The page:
7 Killer Portrait Posing Tips

In Portrait by Dustin Olsen36 Comments

It is no secret that portrait photography is a big money maker in this industry, but it's going to take more than just a nice camera to get our clients looking good in front of the camera!  These posing tips are to enhance the ideas we already have…

But before the article, I want to invite you to join the Improve Photography community on our Facebook fan page.  We and the awesome members of the community answer EVERY SINGLE PHOTOGRAPHY QUESTION that our readers post there.

#7: 2/3rds Turn

Ever wonder why people gain 10 pounds in the camera? It's because we cut out their entire environment around them; forcing our client to take up more room in the frame. Instead of having our client face square to the camera, we need them to do a 2/3 turn away from the camera. Having them turn away will give them a slimmer profile look in the camera and shave off those 10 extra pounds.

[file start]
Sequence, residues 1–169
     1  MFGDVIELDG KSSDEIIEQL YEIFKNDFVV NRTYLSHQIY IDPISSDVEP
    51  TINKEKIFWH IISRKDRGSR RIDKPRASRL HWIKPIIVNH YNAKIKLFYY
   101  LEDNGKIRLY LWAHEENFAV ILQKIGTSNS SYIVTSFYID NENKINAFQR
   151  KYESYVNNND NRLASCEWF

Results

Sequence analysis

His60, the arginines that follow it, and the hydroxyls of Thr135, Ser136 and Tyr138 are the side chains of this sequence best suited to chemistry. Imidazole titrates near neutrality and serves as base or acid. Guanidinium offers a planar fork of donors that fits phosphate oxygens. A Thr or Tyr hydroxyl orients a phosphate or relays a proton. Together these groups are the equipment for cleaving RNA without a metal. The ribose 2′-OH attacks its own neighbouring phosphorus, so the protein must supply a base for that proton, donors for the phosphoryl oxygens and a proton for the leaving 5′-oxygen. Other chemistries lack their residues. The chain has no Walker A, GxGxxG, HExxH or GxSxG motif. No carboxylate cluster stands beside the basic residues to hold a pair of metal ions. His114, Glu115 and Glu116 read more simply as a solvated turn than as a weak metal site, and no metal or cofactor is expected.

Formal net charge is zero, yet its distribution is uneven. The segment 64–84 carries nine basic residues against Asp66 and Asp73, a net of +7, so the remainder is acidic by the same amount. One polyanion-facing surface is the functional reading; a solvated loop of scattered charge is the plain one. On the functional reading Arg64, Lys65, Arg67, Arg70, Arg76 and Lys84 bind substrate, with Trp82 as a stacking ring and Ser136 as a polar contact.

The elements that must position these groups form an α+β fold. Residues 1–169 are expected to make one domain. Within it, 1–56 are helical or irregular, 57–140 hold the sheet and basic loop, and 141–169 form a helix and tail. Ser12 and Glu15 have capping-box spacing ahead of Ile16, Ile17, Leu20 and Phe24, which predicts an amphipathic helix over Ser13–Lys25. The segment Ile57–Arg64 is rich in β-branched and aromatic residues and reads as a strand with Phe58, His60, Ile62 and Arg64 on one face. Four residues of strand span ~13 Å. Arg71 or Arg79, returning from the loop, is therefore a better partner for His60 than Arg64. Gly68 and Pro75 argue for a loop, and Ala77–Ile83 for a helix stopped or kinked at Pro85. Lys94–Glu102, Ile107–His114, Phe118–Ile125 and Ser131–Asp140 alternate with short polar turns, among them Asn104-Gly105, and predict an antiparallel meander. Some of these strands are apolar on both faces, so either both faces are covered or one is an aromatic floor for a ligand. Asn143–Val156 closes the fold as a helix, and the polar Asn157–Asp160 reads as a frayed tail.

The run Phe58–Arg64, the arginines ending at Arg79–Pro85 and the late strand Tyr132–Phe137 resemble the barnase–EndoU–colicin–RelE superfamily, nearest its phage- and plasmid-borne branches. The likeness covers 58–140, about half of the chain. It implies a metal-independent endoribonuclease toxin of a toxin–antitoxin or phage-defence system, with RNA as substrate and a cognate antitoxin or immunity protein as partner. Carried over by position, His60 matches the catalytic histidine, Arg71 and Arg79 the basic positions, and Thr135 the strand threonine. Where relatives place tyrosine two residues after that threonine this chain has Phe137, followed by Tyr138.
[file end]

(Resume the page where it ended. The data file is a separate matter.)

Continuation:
#6: Texture Lighting

When working with our clients and the lighting, we will want to position them so that the light goes across them instead of at them. This is extremely important to remember when photographing a wedding because our brides will have this beautiful dress on with most likely a really nice floral pattern. If the light does not go across her dress, then we will not see the “textures” as well as we would like. I think we can all agree that even the bride would like to remember the details of what her dress looked like. But this concept can apply to many things – if you want textures to show up, the light needs to go across the subject, not at the subject.